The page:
The final step was to multiply a sector’s ICT intensity by the total value-add of that sector giving the Digital Value Add for that sector. The sum of all sectors’ digital value add represents the total Value of the Dutch Digital Economy, or the Gross Domestic Digital Product (GDDP).
Dutch Digital Economy
From this exercise we conclude that the 2013 Dutch GDDP amounted to a total of € 129 billion which equals 22% of the total value add of the Dutch economy. With a stagnating Dutch economy and an increase in ICT investment in 2014 we can safely assume that the Dutch GDDP in 2014 is now closer to 24% totaling € 135 billion. In other words: the real value of the Dutch digital economy in terms of value add is a quarter of our GDP.
These numbers on the Dutch Digital Economy are much higher than other estimates that are based on the output value of various sectors, business models and transaction volumes of digital goods and services. The problem with these methods is that they are all more or less based on transaction volume. The resulting size includes a double counting problem since transaction volumes include purchases from other sectors. On top of that these transaction volumes are represented as a percentage of the GDP which is excluding purchases from other sectors, comparing apples and pears. Also, these methods tend to underestimate the true value of the digital economy as they do not take into account the role ICT plays in the business value chains of most economic sectors. To understand how digital value add works out on a per sector basis we will compare two sectors: financial services and domestic trade.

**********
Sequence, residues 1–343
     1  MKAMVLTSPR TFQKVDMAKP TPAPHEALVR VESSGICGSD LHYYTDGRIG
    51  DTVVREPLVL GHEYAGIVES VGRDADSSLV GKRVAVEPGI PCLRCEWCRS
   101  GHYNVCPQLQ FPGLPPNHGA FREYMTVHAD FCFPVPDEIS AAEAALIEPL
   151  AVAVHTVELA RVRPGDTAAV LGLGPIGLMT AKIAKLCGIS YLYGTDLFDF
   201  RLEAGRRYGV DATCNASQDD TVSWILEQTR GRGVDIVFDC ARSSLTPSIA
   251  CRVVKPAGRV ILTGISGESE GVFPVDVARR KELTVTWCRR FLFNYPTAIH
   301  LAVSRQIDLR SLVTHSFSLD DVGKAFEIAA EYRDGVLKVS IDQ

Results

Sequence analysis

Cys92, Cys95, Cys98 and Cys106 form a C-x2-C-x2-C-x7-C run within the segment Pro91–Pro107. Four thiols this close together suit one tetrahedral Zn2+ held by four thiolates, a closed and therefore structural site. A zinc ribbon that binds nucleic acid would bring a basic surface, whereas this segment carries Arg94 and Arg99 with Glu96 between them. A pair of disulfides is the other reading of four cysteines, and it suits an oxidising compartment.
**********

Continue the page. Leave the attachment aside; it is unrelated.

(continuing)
Comparing Financial Services and Trade
When calculating DVA it becomes clear that although some sectors are considered large in output based calculations they are less important in the value-add approach. This can be exemplified by looking at the DVA of Financial Services and Trade. All numbers refer to 2013.
*) Source: Thuiswinkel Markt Monitor
**) Source: ICT Markt marktmonitor
From the table it can be concluded that – output wise – the trade sector is almost 1.75 times larger than the financial services sector and in terms of value add is more than 1.5 times bigger than financial services. However when looking at the role of ICT in the sector translated into DVA, it becomes clear that business processes in the financial sector are almost completely (82%) driven by ICT. In contrast, the trade sector DVA is only 9%. While digital logistics systems in the trade sector may require a lot of ICT involvement it is still the physical process combined with the huge share of purchase cost in relation to the sector’s turnover that ultimately causes a low DVA. In sharp contrast the DVA of financial institutions is 82% but at the same time the DVA is not represented in traditional sizing of the digital economy.
So when faced with the relative and absolute size of e-commerce and e-business in the Netherlands we should keep in mind that they are gross misrepresentations of the value that ICT holds for various sectors and individual companies. For a better understanding of the Dutch digital economy we should be looking at the digital value add of the business processes within our economic sectors providing both a more realistic qualitative and quantitative view of the status and dynamics of the Dutch digital economy.